Although we all continue to get older and more experienced, the answers to many of our day-to-day problems nonetheless can still often be found in the pages of books long left unopened on our children’s bookshelves (or Kindles, I-Pads, etc.).
Note: All of the Pooh-isms in this blog article can be found in A.A. Milne's Winnie the Pooh and Pooh's Little Instruction Book.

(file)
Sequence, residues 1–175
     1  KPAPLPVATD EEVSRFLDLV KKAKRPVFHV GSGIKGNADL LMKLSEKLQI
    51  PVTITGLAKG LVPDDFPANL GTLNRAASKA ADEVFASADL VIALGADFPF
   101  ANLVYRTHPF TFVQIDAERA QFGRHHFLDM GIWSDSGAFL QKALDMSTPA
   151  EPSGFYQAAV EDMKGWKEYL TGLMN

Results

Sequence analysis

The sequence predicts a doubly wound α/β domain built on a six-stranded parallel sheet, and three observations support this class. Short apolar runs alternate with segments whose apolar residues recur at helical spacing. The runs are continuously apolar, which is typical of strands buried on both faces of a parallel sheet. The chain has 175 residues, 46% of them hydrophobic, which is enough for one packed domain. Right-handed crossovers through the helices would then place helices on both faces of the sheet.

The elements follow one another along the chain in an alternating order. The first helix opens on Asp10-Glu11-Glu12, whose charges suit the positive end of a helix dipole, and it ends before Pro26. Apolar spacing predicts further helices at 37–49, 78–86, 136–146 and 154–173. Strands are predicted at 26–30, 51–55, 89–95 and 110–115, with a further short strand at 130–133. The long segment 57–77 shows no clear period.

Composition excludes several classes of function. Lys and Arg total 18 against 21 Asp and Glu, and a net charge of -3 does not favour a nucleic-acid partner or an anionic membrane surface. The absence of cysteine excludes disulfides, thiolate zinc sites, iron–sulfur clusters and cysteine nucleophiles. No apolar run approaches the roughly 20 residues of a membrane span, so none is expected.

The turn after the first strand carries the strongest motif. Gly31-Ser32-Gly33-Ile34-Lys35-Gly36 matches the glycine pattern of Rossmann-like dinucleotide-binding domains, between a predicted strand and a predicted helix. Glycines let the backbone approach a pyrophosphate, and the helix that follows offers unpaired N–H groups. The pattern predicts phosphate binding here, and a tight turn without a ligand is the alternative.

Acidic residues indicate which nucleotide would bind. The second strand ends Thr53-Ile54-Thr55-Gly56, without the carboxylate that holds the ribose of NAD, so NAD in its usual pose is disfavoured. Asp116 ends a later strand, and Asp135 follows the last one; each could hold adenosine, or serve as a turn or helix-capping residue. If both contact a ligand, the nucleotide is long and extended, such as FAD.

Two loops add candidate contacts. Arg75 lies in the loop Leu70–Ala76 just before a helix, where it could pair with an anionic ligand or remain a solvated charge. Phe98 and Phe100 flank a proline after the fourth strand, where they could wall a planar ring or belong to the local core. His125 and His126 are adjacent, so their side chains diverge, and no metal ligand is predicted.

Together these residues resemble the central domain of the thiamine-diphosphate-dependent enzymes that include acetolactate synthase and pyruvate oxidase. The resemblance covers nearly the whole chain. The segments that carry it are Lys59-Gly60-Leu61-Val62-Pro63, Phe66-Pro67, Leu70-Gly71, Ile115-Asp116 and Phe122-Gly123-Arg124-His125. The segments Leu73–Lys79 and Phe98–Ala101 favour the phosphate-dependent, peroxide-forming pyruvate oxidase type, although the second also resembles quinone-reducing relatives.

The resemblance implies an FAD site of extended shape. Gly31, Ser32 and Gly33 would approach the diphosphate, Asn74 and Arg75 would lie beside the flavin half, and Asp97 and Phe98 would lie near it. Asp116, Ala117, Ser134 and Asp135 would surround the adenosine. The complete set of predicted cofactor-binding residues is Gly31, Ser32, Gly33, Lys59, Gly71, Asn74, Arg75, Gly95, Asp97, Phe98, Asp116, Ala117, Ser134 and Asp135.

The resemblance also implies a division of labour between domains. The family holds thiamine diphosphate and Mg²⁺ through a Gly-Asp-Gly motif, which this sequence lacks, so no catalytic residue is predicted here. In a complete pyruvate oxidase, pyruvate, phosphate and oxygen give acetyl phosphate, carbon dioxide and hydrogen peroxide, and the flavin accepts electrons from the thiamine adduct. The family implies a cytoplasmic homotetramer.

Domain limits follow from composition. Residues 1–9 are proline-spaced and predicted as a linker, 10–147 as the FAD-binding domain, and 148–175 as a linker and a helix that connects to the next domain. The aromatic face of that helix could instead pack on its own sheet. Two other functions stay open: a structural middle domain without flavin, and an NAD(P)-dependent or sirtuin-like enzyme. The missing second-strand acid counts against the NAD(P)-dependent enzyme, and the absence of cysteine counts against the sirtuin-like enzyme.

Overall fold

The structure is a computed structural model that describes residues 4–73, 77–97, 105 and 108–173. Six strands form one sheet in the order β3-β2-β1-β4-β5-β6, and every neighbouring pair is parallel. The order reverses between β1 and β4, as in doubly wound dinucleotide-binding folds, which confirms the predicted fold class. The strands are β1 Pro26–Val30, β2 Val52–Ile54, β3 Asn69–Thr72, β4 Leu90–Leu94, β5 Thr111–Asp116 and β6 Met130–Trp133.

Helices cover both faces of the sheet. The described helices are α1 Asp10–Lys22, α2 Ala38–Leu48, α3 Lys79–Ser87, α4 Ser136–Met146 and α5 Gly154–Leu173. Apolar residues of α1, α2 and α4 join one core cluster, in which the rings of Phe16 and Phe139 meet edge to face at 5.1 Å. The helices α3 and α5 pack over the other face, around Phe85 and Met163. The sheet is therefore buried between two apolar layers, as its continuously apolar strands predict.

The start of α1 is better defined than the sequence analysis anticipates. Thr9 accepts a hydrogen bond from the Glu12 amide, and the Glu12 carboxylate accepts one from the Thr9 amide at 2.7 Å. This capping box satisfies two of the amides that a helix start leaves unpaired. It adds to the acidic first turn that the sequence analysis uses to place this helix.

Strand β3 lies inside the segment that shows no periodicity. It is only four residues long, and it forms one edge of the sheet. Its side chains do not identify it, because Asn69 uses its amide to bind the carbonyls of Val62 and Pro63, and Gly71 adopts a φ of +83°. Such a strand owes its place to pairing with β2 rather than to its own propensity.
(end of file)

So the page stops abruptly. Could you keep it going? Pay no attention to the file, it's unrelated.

As many school districts are aware, it is not uncommon for a district to receive a request to disclose allegedly relevant student records to a tenured teacher facing disciplinary charges in the context of an Education Law Section 3020-a proceeding. However, as school districts are also aware, the Family Educational Rights and Privacy Act (FERPA) protects the privacy of student educational records and prohibits the disclosure of such records except in limited circumstances. Thus, the teacher’s right to access evidence relevant to his/her defense must be balanced against a student’s right to privacy in his/her educational records. The decision recently issued by the Appellate Division, Fourth Department, in In re Watertown City School District v. Anonymous is a good reminder to school districts that a teacher's right to access student records in a disciplinary proceeding is not absolute. At issue in the Watertown City School District case was whether a tenured teacher could compel the school district to disclose student records that the teacher claimed were “highly relevant” and “necessary” to the teacher’s defense to disciplinary charges. The teacher served on the district a broad subpoena seeking the production of all student records for all student witnesses who would be testifying against the teacher during the disciplinary hearing. The sole limitation on the teacher’s request was that records prior to seventh grade were not requested; all other student records were requested under the subpoena. The district objected that the student records sought were irrelevant and protected under FERPA, and ultimately brought a proceeding in New York State Supreme Court to quash the subpoena. The Supreme Court disagreed with the district, and ordered the district to produce all of the records requested under the subpoena. However, on appeal, the Appellate Division reversed the lower court's ruling, and granted the school district's petition to quash the subpoena. The Appellate Division explained that the teacher was required to come forward with a factual basis establishing the relevance of the documents sought. The Court held that the teacher failed to meet this burden, principally because the allegations of misconduct against the teacher involved activities outside the classroom and the teacher did not provide any specific information regarding how the students' educational records were relevant to her defense. In light of the Appellate Division’s ruling in the Watertown City School District case, school districts can breathe at least a small sigh of relief knowing a tenured teacher facing disciplinary charges cannot gain unfettered access to student records in search of evidence to use in his/her defense. At a minimum, the teacher must establish a factual basis demonstrating that the student records sought are relevant and reasonably related to the teacher’s defense.